Some called it the short-lived craze of slow burn TV. Like television’s “Seinfeld” sitcom, the town square webcam was a plotless, and practically actionless, episode of Americana. It was one step up from watching a yule log burn on screen for apartment dwellers without a fireplace.
“People love watching life unfold organically,” Strobel hypothesized.
Livability’s Jessica Walker Boehm summed up the cyber craze aptly in a November 2016 article: “People are tuning in all over the world to watch Jackson residents and tourists cross the street and drive through the intersection of Broadway and Cache streets.
“So far, notable sightings have included a bride-to-be twerking, a horse pooping in the street and dozens of red vehicles which viewers love to point out (especially when they see a red truck). Compelling content, no?”
In retrospect, it does not sound as compelling as it was then. But after Google tweaked its algorithms to favor video content, YouTube recommended the feed on its front page and Reddit highlighted the site, well, off it went, viral as can be.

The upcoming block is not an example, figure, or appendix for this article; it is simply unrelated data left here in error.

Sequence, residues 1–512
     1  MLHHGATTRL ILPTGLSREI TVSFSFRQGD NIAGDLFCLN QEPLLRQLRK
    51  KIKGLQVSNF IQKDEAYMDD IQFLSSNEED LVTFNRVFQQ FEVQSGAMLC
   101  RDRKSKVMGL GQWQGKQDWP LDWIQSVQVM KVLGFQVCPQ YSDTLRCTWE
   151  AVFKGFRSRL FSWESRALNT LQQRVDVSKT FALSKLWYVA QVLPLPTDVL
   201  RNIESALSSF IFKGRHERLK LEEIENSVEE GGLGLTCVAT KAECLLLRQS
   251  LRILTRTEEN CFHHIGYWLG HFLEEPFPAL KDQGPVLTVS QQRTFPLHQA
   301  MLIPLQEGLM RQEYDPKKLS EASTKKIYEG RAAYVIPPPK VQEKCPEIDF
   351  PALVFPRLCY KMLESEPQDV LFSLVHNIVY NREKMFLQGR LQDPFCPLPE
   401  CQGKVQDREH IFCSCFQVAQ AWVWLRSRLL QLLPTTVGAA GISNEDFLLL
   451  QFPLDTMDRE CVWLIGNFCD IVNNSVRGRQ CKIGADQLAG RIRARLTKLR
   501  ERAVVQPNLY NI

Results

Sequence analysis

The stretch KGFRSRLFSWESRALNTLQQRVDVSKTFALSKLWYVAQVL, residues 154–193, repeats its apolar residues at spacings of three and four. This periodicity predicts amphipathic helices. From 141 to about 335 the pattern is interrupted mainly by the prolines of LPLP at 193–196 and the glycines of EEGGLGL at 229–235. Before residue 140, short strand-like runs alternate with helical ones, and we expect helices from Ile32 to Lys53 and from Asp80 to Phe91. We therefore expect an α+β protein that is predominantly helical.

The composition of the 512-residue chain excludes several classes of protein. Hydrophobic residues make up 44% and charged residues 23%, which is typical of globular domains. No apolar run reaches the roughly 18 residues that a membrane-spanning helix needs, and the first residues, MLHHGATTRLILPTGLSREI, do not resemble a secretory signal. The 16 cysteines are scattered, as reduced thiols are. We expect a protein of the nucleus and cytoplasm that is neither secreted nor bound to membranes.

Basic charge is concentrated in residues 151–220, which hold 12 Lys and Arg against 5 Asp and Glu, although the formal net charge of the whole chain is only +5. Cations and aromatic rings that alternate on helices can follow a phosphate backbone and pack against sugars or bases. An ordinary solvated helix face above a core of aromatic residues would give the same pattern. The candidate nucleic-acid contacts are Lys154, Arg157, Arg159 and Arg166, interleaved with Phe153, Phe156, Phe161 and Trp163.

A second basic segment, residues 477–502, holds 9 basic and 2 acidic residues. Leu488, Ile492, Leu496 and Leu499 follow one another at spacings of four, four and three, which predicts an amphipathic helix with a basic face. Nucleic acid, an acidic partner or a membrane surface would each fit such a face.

Everyone was watching nothing happen.
Take it from 27-year-old Meaghan Hill (@mimi1596) who tweeted Sept. 8, 2016, from Perth Australia: “Why can't I stop watching this livestream!?”
The closest she’s been to Wyoming is opening her laptop.
“I thought it was fun. I thought it was cute. That whole craze with cops doing pushups and dabbing, people making memes,” Strobel said. “But new levels, new devils, right? It wasn’t what I had intended — a crazy viral thing.
“When it simmered down and fell back to earth, I was grateful for what it did, not what it was. The new reality of elevated exposure had its positives.”
Monetizing Motion Pictures
The commercialization of Jackson as a tourist destination is not something Strobel has ever had in mind. It gets enough of that on its own, he said. In fact, it’s difficult to see how Strobel monetizes his webcams at all. He allows anyone to embed them on their websites and is very open with sharing content.